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Gerald FINZI (1901-1956)
Earth and Air and Rain, Op. 15 (1928-32) [31:39]
Summer Schemes [2:34]; When I set out for Lyonesse [2:06]; Waiting both [3:24]; The phantom [3:45]; So I have fared [2:49]; Rollicum-Rorum [1:41]; To Lizbie Browne [4:01]; The Clock of the Years [4:24]; In a churchyard [3:51]; Proud Songsters [3:05]
To a Poet, Op. 13a (1921-56) [17:02]
To a poet a thousand years hence [5:02]; On parent knees [1:33]; Intrada [1:34]; The birthnight [1:45]; June on Castle Hill [2:01]; Ode on the rejection of St. Cecilia [5:07]
By Footpath and Stile, Op. 2 (1921-22) [23:14]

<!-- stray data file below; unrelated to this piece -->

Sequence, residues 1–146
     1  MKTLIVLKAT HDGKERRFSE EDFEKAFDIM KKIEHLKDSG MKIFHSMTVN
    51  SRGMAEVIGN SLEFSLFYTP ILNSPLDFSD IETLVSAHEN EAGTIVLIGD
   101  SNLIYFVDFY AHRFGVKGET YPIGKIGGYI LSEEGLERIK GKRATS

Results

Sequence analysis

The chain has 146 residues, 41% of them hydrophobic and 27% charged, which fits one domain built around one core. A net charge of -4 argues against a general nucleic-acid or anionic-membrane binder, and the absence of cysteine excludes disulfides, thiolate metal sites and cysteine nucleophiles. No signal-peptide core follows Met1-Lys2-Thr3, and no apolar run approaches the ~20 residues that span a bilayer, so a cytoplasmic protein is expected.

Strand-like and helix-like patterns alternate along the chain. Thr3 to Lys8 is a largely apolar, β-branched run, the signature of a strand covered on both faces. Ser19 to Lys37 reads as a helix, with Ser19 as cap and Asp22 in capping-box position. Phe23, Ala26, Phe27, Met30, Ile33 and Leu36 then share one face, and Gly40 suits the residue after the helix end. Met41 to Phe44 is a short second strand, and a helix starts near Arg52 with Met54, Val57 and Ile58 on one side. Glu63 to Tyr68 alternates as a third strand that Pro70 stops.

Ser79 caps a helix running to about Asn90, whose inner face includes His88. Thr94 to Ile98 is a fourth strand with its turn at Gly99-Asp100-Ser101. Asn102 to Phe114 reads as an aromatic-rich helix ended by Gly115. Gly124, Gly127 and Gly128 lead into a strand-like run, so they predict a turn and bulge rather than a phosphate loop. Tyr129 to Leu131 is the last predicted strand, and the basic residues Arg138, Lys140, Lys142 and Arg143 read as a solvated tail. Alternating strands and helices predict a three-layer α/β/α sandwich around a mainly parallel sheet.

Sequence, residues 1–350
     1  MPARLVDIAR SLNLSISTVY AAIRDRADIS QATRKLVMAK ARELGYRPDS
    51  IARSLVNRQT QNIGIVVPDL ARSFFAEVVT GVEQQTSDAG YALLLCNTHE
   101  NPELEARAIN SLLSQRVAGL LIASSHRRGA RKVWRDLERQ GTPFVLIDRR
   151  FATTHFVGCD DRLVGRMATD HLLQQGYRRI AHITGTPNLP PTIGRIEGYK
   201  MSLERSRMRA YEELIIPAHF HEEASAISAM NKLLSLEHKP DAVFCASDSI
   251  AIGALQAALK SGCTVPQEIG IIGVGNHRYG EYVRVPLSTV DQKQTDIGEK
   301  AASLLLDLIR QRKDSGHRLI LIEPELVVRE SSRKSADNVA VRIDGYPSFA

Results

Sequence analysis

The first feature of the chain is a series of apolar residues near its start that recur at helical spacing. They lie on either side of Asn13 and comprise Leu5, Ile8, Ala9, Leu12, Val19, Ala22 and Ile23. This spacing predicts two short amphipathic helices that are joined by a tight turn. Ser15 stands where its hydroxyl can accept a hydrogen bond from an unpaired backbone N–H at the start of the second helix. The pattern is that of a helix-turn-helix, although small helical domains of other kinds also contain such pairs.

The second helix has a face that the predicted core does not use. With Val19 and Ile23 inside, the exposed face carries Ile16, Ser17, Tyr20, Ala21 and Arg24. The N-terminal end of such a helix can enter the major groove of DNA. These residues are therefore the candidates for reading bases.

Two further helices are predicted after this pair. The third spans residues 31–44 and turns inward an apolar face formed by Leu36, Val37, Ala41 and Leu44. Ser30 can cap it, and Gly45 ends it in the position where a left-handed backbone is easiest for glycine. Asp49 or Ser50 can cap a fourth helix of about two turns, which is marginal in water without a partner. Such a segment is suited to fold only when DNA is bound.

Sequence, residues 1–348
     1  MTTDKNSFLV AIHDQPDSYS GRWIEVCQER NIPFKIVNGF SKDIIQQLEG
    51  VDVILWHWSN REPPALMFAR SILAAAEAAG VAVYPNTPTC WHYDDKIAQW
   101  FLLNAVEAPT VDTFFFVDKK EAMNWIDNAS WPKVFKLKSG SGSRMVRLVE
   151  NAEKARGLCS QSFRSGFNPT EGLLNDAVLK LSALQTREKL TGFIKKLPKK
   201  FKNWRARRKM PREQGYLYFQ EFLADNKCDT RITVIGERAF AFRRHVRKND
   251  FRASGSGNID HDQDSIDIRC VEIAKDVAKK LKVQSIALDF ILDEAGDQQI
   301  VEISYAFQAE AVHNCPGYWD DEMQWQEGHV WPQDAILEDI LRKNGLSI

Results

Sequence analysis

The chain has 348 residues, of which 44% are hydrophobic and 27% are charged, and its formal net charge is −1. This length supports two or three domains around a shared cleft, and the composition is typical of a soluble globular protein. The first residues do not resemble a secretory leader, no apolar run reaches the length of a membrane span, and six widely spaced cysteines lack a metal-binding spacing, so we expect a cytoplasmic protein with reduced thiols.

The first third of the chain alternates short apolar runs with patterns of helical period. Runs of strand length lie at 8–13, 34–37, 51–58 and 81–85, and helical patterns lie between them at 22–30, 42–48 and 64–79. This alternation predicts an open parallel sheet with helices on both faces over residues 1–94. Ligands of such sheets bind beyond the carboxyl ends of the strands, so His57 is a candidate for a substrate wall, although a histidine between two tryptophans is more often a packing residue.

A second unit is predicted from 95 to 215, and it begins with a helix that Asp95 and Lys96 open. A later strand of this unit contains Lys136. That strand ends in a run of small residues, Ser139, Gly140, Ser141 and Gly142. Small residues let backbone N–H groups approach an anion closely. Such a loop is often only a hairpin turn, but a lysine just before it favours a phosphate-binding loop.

Paying calls [3:47]; Where the picnic was [4:04]; The oxen [2:42]; The master and the leaves [2:49]; Voices from things growing in a churchyard [6:34]; Exeunt omnes [3:17]
Roderick Williams (baritone)
Iain Burnside (piano) (Opp. 15; Op. 13a); Sacconi Quartet (Op. 2)
rec. Potton Hall, Suffolk, UK, 27-28 August 2005 (Opp. 15, 13a); 10 January 2006 (Op. 2) DDD
NAXOS 8.557963 [71:54]

This release of Finzi songs, the fifteenth volume in the acclaimed Naxos ‘English Song Series’ contains three separate song cycles, sets or collections. This is the second volume of Finzi songs in the series; the first volume was released on Naxos 8.557644 (see reviews 1 and 2).
The issue opens with the cycle Earth and Air and Rain of Thomas Hardy settings; a masterpiece in the genre of English song. Next comes an assortment of song settings of various poets for baritone and piano that were assembled into a set after Finzi’s death and given the title To a Poet. The final cycle is By Footpath and Stile is an early collection of Hardy settings scored for baritone and string quartet.